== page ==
Adrienne Froelich Sponberg

In an election year dominated by war and the American economy, an odd movement is afoot: Leading politicians on both sides are talking about science. The conversation revolves around two issues, namely, (1) the use and interpretation of science in policy decisions and (2) federal funding levels for scientific research.

Much of the discussion has been fueled by reports that accuse the Bush administration of suppressing or distorting scientific analyses. The earliest report on the issue, "Weird Science: The Interior Department's Manipulation of Science for Political Purposes," was released in December 2002 by the Democratic staff of the House Committee on Resources. Eight months later, the House Government Reform Committee, at the request of Representative Henry Waxman (D-CA), issued its own report, "Politics and Science in the Bush Administration."

The Bush administration was nearly mute in its response to the accusations until the release of another report, this one from the Union of Concerned Scientists (UCS), in March; more than 60 scientists, including 20 Nobel laureates, signed the letter accompanying the report. Although all three reports cite many of the same cases, the fact that the first two originated from Democratic members of Congress moderated media attention, alleviating the need for direct refutation of the accusations. Since the release of the UCS report, however, the White House has been vocal in its own defense. White House Science Advisor John Marburger III has issued a point-by-point rebuttal of the UCS accusations, participated in an online dialogue with the academic community, and spoken about the issue at several public meetings. In a recent statement to the Science and Technology Policy forum of the American Association for the Advancement of Science, Marburger said, "I can assure you that there is no intention by the Administration to undermine or distort the products of [the scientific] machinery."

Democrats aren't buying the administration's story. Senate Minority Leader Tom Daschle (D-SD) recently characterized the Bush administration's approach as "vending machine science." "The administration thinks it can pull a lever and get the results it wants. For the sake of short-term political gain, the administration is basing its decisions on weak science," he explained.

Veteran political analyst Morton Kondracke, executive director of Roll Call, a Capitol Hill newspaper, recently wrote that Senator John Kerry (D-MA), front-running Democratic presidential candidate, should "pounce on Bush's sad record and be the 'science candidate' in 2004." Kondracke also issued a challenge to Congress to spend a few billion dollars to increase the Bush budgets for the National Science Foundation and other science agencies "instead of slathering pork into the pending highway bill."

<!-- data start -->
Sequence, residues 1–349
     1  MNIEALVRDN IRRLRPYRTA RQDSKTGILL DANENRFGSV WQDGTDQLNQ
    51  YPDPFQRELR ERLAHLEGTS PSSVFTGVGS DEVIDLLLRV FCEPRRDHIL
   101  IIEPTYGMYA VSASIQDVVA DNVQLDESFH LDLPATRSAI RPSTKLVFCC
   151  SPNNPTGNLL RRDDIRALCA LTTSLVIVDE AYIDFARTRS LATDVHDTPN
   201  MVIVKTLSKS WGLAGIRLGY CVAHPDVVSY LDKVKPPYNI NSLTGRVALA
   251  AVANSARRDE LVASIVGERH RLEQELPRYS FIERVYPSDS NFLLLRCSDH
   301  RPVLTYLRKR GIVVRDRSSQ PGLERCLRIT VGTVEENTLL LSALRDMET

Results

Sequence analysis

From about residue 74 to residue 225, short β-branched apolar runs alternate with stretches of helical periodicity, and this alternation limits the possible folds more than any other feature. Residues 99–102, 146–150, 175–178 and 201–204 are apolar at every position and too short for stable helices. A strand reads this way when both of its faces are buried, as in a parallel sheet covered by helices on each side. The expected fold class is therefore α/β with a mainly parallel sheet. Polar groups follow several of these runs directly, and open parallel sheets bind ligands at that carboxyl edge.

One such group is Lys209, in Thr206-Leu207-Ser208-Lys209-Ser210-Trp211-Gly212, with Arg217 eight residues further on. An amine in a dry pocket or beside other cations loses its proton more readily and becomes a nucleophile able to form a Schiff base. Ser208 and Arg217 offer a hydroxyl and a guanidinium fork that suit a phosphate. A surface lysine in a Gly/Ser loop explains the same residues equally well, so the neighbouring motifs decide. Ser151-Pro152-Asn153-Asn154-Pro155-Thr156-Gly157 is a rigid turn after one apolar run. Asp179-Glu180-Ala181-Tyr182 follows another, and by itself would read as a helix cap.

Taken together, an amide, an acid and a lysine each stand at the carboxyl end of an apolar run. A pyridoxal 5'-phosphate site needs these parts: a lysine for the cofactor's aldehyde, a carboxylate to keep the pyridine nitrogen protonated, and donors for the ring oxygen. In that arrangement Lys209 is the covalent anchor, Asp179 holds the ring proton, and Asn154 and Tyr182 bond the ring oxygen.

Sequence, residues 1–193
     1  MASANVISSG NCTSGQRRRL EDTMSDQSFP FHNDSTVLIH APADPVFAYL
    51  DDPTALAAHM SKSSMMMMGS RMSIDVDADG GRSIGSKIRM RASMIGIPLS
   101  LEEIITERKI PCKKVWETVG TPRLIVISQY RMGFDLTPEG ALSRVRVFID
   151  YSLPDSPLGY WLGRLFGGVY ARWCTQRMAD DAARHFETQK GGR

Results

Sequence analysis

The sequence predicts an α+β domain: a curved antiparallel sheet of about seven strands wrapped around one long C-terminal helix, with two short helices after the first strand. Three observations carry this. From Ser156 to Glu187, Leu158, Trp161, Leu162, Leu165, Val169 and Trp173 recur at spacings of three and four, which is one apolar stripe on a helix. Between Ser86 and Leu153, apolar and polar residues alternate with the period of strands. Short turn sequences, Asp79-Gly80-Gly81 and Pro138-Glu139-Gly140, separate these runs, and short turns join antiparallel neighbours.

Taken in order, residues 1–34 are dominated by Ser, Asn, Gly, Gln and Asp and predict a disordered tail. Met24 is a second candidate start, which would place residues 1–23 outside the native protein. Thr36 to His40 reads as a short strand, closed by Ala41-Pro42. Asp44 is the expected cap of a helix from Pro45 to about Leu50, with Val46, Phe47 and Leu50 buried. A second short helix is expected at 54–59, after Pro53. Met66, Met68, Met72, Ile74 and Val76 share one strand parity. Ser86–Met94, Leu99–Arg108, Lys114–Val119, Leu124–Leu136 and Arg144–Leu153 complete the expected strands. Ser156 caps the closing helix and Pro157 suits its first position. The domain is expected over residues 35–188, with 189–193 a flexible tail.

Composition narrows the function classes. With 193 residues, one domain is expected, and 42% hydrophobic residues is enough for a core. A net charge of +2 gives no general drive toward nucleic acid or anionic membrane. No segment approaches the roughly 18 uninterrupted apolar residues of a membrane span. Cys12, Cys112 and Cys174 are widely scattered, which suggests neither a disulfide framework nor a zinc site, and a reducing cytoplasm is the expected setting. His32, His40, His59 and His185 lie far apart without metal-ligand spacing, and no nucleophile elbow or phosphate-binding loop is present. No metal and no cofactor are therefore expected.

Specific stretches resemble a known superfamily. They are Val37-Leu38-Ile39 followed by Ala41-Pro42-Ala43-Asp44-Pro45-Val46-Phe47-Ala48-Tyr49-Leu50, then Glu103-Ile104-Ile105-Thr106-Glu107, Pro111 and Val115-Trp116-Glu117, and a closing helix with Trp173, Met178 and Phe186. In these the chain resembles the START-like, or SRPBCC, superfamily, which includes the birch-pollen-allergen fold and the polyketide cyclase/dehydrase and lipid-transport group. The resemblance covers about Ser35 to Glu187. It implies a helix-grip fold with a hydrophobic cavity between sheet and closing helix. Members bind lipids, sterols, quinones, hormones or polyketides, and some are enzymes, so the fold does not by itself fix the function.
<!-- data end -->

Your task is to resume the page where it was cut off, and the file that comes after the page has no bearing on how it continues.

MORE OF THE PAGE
Kerry has not been silent on the issue. "There are too many examples in this administration of politics trumping science not to be concerned," Kerry told reporters earlier this year. At an October 2003 speech at Dartmouth College in New Haven, Kerry cited multiple examples of what he calls the administration's "antiscience attitude": burying reports on climate change, having political appointees edit "uncomfortable information" out of reports, and stacking advisory committees with administration-friendly scientists.

Democrats are also arguing that the Bush administration's disregard for science extends into the funding arena. Daschle claims that the administration's proposed fiscal year 2005 budget for science and technology is another example of shirking the responsibility to invest in science. Not even all Republicans think the administration is doing enough. Former Speaker of the House Newt Gingrich (R-GA) is disappointed with budget figures for science: "We're engaged in a huge misallocation of priorities to spend as much as we do overall and not spend more for science."

Some political observers believe that the trade-offs the Bush administration makes between science and politics are even more significant than the budget figures. As Nicholas Thompson of the Washington Monthly recently noted, "For an administration that has boosted spending in a great number of areas, more money for science is less telling than how the Bush administration acts when specific items on its agenda collide with scientific evidence or research needs."

Whether or not the issue has a significant impact on the election could be decided by scientists. With 4.7 million scientists, engineers, and technology workers in the United States, the science vote could be significant. Although it seems unlikely that all scientists would cast their votes based on this one issue, the administration's and Democrats' attention to the matter is justified: Had 80,000 voters in three states (Missouri, Minnesota, and Georgia) voted differently, or had 160,000 additional people voted for Democrats, Tom Daschle would be the Senate majority, not minority, leader.

Adrienne Froelich Sponberg (email: ) is director of the AIBS Public Policy Office.

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